The parish church of St Peter and St Paul Fakenham which was damaged by Storm Doris.
The top section of one of the stone pinnacles on the north east corner of the tower was sent flying in the fierce wind and struck the nave roof below with some force.
The noise was apparently heard by the rector from the rectory on Gladstone Road and also reported to him by an employee inside the neighbouring Fakenham Connect council offices.
Slates were shattered and sections of timber broken.
From inside the Trinity Room bits of sky were visible and debris had fallen through. Fortunately the area was empty at the time, although it had been busy during the morning.
Immediate steps were taken to rope off the gates into St Peter’s Garden and get in touch with both the insurers and the church architect.
With encouraging speed the experts arrived the next day and were escorted to the top of the tower to see for themselves what had happened.
In the short term, the most important step was to make the roof watertight and this was managed thanks to the quick response of local builders based in Foulsham.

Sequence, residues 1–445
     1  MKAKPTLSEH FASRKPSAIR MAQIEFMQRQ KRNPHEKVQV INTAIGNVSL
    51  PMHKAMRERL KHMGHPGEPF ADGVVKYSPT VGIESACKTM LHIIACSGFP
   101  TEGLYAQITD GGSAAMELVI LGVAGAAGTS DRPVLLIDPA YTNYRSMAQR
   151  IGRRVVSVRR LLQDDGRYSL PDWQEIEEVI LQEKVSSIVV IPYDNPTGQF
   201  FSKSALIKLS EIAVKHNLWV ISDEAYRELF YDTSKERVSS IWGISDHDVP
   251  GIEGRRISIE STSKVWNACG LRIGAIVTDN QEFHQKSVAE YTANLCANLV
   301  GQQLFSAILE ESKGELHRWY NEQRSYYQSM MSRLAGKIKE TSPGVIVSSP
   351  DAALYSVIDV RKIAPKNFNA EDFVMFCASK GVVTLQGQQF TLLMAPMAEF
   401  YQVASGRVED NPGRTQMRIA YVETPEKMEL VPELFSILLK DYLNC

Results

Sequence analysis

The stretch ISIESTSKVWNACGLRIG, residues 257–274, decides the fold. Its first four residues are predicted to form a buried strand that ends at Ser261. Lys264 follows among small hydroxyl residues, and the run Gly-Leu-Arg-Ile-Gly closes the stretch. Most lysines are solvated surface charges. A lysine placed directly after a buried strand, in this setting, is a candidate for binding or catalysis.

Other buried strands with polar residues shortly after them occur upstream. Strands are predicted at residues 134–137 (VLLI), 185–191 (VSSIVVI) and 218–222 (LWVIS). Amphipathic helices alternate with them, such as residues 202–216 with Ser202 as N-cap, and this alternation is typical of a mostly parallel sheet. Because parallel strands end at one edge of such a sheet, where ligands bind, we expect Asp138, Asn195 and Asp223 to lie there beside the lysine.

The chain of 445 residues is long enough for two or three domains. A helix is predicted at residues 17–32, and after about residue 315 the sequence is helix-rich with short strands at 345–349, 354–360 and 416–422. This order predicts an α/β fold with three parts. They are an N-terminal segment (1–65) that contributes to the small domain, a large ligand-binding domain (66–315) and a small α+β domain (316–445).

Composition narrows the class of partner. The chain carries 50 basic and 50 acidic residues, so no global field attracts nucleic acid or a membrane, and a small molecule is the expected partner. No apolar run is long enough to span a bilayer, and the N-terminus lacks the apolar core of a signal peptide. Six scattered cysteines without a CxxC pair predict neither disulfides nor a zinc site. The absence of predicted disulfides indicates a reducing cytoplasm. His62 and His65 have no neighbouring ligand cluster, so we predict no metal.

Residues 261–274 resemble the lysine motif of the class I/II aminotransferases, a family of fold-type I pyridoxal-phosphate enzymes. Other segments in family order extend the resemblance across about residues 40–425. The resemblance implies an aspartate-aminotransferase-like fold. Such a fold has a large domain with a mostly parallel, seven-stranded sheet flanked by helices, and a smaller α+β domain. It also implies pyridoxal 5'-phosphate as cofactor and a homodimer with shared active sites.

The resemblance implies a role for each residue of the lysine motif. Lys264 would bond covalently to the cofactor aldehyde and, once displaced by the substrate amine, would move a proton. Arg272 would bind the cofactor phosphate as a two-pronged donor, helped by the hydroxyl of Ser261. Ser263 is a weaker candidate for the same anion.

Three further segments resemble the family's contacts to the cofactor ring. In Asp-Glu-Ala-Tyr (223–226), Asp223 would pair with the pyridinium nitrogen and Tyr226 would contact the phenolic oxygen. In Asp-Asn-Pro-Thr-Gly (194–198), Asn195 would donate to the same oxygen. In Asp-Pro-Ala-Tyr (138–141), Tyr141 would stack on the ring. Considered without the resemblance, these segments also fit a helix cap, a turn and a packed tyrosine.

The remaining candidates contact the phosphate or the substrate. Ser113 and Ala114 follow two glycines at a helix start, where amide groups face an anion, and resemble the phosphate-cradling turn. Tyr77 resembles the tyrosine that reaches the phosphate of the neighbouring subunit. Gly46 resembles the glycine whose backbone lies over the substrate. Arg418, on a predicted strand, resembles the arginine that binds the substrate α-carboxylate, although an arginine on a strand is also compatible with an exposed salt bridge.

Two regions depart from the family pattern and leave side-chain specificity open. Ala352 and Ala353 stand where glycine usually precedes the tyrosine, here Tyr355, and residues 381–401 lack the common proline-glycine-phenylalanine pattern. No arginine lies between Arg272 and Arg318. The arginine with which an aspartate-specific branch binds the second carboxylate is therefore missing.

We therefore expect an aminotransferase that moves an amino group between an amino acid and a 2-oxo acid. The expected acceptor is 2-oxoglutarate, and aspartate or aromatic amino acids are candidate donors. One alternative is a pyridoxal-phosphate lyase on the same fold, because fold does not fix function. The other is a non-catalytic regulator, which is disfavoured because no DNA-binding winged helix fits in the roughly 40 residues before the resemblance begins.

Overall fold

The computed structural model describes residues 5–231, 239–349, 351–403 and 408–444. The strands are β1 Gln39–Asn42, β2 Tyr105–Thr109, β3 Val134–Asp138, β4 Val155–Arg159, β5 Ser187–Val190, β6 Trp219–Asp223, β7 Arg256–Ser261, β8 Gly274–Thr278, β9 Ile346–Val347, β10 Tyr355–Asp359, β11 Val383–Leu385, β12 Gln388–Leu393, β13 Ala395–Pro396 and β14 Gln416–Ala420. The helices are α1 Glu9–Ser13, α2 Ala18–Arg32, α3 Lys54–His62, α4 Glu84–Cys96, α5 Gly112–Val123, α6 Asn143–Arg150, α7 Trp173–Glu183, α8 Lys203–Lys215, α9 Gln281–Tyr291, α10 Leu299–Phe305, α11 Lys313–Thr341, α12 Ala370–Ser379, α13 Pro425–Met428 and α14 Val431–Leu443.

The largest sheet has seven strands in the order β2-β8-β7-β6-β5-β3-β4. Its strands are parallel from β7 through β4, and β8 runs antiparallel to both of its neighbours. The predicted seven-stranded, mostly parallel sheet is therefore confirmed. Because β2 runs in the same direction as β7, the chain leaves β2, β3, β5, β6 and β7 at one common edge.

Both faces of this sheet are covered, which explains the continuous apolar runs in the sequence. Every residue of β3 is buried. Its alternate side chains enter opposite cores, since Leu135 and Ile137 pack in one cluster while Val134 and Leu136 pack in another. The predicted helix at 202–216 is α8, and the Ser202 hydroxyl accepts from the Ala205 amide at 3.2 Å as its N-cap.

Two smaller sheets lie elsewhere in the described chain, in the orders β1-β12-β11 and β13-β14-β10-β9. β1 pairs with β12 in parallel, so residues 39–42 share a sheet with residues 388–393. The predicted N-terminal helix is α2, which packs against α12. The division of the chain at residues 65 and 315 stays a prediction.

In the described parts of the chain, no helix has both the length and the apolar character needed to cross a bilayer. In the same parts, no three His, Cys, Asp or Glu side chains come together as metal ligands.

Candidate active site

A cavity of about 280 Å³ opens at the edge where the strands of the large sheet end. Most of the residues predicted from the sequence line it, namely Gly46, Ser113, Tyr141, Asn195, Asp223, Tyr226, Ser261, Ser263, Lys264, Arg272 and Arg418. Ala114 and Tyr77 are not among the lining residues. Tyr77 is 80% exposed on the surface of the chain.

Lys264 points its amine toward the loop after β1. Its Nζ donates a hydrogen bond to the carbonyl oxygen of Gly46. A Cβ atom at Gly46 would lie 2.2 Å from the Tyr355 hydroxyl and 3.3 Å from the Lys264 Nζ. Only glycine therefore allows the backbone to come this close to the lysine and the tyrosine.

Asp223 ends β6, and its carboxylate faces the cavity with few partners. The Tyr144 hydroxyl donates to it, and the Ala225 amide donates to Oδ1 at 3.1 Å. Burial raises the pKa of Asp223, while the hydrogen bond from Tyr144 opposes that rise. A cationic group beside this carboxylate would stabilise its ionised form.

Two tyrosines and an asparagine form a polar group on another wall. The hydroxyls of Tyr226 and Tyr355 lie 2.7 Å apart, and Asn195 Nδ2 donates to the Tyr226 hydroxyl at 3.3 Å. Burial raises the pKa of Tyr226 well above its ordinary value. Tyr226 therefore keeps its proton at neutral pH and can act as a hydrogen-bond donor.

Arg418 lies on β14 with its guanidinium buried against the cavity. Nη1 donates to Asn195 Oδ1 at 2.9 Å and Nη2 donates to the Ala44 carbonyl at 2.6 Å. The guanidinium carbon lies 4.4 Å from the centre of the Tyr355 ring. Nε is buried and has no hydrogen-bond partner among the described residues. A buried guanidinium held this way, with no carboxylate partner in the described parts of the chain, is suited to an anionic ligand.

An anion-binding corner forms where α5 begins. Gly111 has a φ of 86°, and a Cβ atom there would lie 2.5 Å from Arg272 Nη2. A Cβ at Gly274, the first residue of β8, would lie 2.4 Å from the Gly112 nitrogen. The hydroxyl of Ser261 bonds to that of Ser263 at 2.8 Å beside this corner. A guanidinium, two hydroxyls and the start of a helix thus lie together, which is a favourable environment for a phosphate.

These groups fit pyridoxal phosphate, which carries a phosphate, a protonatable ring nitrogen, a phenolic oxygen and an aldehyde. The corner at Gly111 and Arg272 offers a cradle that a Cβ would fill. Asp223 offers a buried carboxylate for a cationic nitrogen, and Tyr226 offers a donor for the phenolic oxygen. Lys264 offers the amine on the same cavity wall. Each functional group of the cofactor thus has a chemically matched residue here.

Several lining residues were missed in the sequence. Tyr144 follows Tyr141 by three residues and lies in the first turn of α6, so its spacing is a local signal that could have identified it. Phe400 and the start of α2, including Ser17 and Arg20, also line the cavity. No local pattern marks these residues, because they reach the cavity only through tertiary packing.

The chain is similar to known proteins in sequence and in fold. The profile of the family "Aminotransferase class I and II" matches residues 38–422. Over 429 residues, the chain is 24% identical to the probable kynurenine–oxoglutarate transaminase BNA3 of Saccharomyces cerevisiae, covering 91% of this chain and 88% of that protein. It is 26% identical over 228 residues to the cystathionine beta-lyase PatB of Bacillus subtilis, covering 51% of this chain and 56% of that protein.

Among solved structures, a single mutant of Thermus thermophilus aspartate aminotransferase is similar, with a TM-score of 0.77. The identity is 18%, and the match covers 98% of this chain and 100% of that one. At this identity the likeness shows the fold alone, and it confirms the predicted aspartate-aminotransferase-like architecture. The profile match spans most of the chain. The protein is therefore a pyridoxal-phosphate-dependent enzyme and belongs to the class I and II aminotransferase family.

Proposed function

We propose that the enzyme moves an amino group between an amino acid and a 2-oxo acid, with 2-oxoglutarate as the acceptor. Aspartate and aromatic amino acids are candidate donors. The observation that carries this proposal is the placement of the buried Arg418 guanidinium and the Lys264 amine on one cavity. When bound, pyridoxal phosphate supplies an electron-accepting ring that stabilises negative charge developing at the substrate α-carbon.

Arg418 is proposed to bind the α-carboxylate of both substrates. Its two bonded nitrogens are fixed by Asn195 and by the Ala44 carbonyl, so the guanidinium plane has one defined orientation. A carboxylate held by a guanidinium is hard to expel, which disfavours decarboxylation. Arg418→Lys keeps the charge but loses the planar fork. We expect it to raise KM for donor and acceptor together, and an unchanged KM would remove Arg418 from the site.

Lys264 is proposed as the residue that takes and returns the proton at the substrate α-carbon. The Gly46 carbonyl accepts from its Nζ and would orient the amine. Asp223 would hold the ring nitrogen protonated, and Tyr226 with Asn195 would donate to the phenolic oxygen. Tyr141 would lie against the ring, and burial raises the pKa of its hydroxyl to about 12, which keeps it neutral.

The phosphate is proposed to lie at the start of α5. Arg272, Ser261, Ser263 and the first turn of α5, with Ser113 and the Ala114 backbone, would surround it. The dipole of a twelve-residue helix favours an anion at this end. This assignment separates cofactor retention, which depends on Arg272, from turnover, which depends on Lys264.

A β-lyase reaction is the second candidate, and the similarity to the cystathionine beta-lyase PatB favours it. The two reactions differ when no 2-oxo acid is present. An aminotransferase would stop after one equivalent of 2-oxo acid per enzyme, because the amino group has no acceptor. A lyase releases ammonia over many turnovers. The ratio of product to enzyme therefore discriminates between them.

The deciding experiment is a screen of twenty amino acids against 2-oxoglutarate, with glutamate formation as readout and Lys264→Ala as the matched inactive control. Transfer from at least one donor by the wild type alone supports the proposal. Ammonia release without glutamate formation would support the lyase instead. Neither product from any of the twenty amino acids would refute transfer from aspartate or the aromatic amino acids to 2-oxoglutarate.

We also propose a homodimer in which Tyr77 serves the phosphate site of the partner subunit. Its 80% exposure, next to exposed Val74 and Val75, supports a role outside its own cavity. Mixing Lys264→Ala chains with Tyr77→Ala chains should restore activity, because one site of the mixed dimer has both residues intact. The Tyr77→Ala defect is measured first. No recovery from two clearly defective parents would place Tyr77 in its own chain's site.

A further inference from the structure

Next on the scene was a steeplejack.
He reckoned that one of the other pinnacles was also dangerous, sufficiently enough to warrant the church car park below being made out of bounds.
This duly happened. In the weeks to come, access from scaffolding is due to take place so that proper repairs to both the pinnacles and also the nave roof can be carried out safely.
Meanwhile it seems that the life of the church will continue to go on in the busy run-up to Easter and beyond. Consideration will have to be given towards safe access through the main door.
Most arrivals at present cut across the car park because of the adjacent building work on the former Aldiss site. Some sort of barrier fencing will need to be fitted.
When these misfortunes take place it’s a reminder of the overall durability of the hundreds of medieval church towers in Norfolk.
Our region is probably blessed with more of these than any other county.
I have no great head for heights but on my occasional excursions up the spiral stairway to the trap door which opens on to the tower platform it’s impossible not to marvel at the craftsmanship which went into the construction of these amazing landmarks.
In a relatively flat landscape they are visible from miles around, a factor which encouraged their construction in the first place.
These days a much closer watch is kept on safety aspects, particularly if the church is in a town.
We no longer organise tower tours or fly flags to mark special occasions.
For a period the bells were silenced when repairs were called for but happily they have long been ringing out over the rooftops for weddings and Sunday services.
We must hope that despite this mishap the restoration goes ahead quickly and normal church routines continue uninterrupted.